With one of every three museums permanently closing due to the COVID-19 pandemic, now is the time to work together and preserve our history at the official National Packard Museum.
Museum revenues come from admission tickets, donations, hosting events and retail sales. Their annual budgets range from less than $50,000 to more than $10 million, but according to the American Alliance of Museums (AAM), the vast majority — 87% — said they had only 12 months or less of financial operating reserves at the beginning of the Pandemic, with 56 percent having less than six months left to cover operations. "Museums support 726,000 direct and indirect jobs and contribute $50 billion each year to the economy. Of the museums able to reopen, over 40% plan to do so with reduced staff and will need to spend additional funds to ensure their ability to reopen safely," AAM said in a statement.
For example, a shuttered Oregon motor sports museum, World of Speed, announced its permanent closure earlier this year and said on its website that all assets and funds would be distributed to nonprofit museums and schools over the next several months, as required by Oregon law. "Perhaps the museum's greatest accomplishment was the opportunity it provided high school students to learn the skills needed to work in the automotive industry," the website said. "What a thrill it was to see these students grow and move onto fulfilling careers after graduation."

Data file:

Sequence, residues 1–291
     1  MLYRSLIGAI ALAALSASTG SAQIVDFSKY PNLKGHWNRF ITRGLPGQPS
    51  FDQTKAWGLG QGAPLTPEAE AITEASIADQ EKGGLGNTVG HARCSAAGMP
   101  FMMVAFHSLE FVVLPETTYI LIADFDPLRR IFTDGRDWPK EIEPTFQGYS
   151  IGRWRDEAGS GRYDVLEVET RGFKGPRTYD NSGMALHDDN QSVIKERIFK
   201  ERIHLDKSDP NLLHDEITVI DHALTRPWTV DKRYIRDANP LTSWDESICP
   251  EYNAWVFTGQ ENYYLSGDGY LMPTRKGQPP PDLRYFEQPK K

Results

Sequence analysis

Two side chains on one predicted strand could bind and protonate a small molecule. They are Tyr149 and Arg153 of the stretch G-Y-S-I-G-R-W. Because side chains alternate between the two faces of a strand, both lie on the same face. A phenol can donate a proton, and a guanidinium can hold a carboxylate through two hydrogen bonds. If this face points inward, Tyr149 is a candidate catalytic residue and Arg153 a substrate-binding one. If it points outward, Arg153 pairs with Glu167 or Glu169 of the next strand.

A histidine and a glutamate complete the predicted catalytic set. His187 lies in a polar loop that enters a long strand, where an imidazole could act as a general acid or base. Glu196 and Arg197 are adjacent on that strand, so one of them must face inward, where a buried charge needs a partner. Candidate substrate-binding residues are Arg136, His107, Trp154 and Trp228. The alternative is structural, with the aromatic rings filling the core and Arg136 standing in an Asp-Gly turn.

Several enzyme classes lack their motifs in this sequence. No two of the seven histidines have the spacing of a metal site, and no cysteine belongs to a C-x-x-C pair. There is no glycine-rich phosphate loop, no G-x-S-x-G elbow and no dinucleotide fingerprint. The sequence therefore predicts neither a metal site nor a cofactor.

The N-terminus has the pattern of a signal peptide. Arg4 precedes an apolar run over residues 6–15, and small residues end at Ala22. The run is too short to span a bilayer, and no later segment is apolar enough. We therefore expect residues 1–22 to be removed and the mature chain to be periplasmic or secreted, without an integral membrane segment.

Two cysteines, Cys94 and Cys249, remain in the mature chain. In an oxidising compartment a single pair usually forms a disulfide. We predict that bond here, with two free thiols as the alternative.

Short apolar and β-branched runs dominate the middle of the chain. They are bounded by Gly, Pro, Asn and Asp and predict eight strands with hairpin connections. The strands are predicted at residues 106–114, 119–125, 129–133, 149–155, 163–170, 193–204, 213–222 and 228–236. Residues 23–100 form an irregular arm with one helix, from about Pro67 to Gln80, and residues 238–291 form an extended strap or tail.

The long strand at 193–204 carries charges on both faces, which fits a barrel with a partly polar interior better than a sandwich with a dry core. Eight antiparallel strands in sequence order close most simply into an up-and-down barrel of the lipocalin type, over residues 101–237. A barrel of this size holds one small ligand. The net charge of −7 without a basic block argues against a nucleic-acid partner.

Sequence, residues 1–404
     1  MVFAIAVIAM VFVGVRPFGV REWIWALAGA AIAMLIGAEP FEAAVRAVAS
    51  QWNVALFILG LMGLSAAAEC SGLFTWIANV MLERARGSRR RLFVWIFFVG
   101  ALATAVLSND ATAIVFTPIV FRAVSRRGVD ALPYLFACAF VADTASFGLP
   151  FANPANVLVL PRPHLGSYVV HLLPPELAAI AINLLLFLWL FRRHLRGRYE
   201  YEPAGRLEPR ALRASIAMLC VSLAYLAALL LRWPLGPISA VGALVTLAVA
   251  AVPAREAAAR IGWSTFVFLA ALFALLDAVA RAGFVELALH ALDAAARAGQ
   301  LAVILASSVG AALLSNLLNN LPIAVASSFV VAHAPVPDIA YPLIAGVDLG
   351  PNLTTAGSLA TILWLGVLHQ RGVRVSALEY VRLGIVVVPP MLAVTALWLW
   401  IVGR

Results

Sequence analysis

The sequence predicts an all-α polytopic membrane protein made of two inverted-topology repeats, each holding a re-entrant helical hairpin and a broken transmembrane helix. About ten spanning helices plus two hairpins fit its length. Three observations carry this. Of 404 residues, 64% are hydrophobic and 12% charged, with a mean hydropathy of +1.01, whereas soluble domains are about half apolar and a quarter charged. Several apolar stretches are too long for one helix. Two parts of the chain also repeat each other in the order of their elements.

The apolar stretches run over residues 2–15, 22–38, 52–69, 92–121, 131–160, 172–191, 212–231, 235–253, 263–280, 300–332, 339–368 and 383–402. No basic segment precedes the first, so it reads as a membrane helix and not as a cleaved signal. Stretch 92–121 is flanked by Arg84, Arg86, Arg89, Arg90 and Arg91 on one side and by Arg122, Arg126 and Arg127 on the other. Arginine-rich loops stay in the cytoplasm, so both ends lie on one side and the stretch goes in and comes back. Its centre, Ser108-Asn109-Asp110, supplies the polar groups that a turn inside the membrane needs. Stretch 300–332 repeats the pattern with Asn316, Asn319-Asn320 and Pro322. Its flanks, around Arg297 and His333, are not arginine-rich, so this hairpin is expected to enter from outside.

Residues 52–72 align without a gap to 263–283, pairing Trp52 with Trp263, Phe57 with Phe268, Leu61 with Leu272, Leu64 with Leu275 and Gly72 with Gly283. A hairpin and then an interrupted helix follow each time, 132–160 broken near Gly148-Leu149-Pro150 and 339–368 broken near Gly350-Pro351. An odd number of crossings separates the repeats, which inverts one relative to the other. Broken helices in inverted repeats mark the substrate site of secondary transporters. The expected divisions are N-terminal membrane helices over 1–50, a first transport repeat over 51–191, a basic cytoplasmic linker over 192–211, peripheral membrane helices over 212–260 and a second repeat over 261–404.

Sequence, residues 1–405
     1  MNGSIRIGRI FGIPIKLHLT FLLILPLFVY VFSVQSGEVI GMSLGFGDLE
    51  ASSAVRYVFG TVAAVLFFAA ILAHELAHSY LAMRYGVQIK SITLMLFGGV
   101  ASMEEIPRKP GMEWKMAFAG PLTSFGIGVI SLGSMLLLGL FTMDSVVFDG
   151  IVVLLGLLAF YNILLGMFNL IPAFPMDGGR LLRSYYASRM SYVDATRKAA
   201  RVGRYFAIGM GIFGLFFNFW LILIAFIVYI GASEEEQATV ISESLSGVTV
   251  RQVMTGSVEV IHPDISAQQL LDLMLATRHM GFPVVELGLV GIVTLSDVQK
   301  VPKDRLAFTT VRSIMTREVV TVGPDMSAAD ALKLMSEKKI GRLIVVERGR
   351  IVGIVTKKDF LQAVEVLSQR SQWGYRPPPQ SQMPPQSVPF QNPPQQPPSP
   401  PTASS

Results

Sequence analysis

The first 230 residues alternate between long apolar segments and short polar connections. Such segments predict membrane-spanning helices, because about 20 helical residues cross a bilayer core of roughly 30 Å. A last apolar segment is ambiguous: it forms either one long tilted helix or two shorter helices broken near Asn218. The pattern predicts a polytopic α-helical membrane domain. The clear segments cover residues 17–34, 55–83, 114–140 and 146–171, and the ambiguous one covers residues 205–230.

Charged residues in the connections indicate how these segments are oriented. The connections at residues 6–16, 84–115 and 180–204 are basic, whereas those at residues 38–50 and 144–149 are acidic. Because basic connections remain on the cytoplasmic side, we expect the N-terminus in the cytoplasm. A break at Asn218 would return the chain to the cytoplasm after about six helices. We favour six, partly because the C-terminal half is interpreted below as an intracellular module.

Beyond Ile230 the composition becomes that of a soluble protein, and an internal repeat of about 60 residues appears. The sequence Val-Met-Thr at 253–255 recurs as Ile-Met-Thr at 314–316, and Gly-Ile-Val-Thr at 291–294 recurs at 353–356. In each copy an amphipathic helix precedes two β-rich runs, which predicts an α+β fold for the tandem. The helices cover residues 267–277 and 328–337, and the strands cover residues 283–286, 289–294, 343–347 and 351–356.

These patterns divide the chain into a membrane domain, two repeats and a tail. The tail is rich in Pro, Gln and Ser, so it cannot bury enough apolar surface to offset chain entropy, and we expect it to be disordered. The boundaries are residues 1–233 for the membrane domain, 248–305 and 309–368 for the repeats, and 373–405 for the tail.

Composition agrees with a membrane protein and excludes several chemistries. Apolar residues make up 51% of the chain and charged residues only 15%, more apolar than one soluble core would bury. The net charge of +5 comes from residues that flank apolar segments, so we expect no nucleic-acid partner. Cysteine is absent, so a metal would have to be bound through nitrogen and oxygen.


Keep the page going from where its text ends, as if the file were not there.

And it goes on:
Our heritage and history resides where Packard began and now continues. Since the start of the pandemic, we increased staff volunteer hours at the National Packard Museum to save operating costs at the museum with plans to do more. As a next step, 20% of gross sales from of the Limited Edition 1899 Model-A timepiece collection will be donated to the museum. Every purchase assists in preserving our unique automotive history and the enduring automobile brand loved by many across the world. You can also donate directly by going to the Heritage link on our website. Join us in preserving the Packard legacy and history today.